Ignorant treatment of Raheem Sterling...But what’s not to love about the Mayweather/McGreggor fight?
- Credit: PA Wire/PA Images
I don’t have a personal view of Raheem Sterling, the man.
He’s a professional footballer who is paid lots of money, so far as I see it – he’s not alone in that respect.
However, it is my opinion, unlike many professional footballers who are paid a lot of money, he is actually quite a talent and on his day is certainly one of England’s better players.
But quite predictably in today’s opinionated world, the news that Sterling, 22, is to pledge a financial donation to those affected by the Grenfell Tower fire in London, has been greeted by some with suspicion, ridicule and of course – and especially on social media among the ‘brave warriors’ – abuse. It staggers me.
I’m getting, possibly like many of you, sick to death of ‘keyboard cowards’ who think they can say what they want about any subject they like and anybody they like, use abusive language and ignorance as a tool... And in most cases get away with it.
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We wonder in today’s society why our sportsmen and women are wary of the press, or speaking to the public, and especially getting involved in social media.
Well, can you blame them?
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The response to Sterling’s offer of financial aid to the victims, from some, has been disgraceful, despite him saying. “This is a deep and sad situation, one that’s close to my heart and hard to swallow. I would like to help in the best way I can.
“It is only a small step, but small steps lead to big changes if we all come together.”
Sterling grew up in north-west London and began his career in the youth team of QPR, whose Loftus Road Stadium is a mile from the scene of the disaster.
He didn’t have to donate a penny, plenty of people haven’t.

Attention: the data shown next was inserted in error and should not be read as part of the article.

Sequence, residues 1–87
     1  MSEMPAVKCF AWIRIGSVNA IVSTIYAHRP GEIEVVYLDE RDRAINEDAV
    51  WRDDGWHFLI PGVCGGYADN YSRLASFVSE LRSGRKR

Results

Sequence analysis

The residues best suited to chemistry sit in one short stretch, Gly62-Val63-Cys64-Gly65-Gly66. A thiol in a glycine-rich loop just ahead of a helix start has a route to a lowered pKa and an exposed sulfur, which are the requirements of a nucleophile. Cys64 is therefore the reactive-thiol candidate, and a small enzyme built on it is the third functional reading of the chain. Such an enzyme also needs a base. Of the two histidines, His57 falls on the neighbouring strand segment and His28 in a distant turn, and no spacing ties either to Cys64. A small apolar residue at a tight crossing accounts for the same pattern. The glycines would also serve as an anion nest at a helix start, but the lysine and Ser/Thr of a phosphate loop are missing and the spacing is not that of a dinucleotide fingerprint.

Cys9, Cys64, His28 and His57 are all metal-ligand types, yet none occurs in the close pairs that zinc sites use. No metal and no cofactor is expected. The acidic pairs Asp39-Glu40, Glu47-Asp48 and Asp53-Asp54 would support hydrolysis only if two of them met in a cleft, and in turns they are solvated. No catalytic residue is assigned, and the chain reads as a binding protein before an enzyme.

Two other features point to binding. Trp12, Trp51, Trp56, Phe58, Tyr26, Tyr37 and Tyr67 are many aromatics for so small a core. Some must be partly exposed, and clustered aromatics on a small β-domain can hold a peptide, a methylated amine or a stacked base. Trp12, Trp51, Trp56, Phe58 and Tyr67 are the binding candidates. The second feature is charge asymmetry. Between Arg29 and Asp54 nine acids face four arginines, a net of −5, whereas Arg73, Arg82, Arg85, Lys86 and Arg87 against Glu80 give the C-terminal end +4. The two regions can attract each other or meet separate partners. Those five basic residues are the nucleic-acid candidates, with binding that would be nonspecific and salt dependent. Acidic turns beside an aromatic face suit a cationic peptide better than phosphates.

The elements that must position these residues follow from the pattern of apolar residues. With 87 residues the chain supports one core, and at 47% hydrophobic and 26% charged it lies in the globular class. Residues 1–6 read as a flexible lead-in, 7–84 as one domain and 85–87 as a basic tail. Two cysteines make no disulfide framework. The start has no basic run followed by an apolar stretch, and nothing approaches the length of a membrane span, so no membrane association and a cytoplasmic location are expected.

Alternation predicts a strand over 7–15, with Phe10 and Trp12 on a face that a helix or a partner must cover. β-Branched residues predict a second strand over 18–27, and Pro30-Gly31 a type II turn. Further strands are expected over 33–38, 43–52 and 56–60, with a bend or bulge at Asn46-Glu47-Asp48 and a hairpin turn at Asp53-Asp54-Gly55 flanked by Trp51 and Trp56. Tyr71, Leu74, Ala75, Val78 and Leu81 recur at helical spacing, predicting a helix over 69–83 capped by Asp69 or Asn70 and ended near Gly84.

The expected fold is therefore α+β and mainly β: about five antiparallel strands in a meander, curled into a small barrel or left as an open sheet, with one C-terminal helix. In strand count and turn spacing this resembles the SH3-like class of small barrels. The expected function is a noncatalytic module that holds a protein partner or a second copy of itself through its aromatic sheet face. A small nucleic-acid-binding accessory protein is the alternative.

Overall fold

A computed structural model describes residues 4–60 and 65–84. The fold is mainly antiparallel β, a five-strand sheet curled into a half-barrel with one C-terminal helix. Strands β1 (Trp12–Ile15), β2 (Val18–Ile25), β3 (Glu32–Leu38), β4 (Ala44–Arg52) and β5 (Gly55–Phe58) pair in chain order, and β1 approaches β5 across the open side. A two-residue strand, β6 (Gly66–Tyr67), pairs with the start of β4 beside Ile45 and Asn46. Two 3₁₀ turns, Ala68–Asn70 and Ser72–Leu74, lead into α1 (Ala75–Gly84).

OK, so maybe he could have kept it quiet and just sent the money anonymously. Ifs, buts and maybes.
The bottom line is though, that he is set to donate. And for individuals to use that, in such tragic circumstances, as an excuse to send hate messages to him – and about him – on social media is a utter disgrace from those who have little backbone and would never, ever, be brave enough to direct their conversation to Sterling’s face.
‘The haters are gonna’ hate’, Raheem. Whatever you do.
Abusing people on social media is the cowardly norm among some. But it’s a blight on us all.
The coach of a Spanish youth team, Serranos B U11, was ‘removed from his position’ this week, after a 25-0 win over another youth side because it ‘lacked respect for their opponents’.
After defeating fellow Valencia side Benicalap C, Serranos B’s boss was removed from his coaching role, with Pablo Alcaide, who helps run the side, saying: “We believe in encouraging respect for your opponents. After the result, we decided that the manager should leave.”
Apparently, such one-sided scores are not infrequent in Spanish youth football but many clubs stop counting when they get to ten (that’s ‘diez’ to you and me!)
Here in England, the FA’s most recent guidance to youth coaches is designed to ‘challenge the win-at-all-costs mentality’, of our youth coaches. Quite right. Who the hell wants to win anyway?
And in fairness, the FA have got it spot on, as that attitude filters nicely through to our current stars of the game - as shown in the Stade de France on Tuesday night!
You have to take your hats off to the organisers of the Floyd Mayweather versus Conor McGreggor fight.
Both fighters set to pocket almost £79m EACH… Wow!.
This is sporting promotion of the highest order. All a complete circus of course, but who cares?
Fans love it, the fighters love it, the promotion love it, TV stations love it. What’s not to love?
If, like me, you stand aside and laugh at the whole thing, then don’t bother to watch. I certainly won’t be.
But credit where it’s due. Any chance someone could give speedway a hand with how to promote a sport?
Talking of speedway, it’s the British Final on Monday.
Ipswich Witches’ Australian star Rory Schlein has rocked the boat with some, being ‘an Aussie’ in a British Final.
There are many who are unhappy about it, as Schlein was born in Darwin – although, admittedly, not too many say it to Rory’s face!
“A lot of people are ticked off that I am in it and that’s fine,” Schlein said.
Hopefully those grizzling are not the same people who are, or have, cheered on our other British sports stars, like Mo Farah, Johanna Konta or Kevin Pietersen.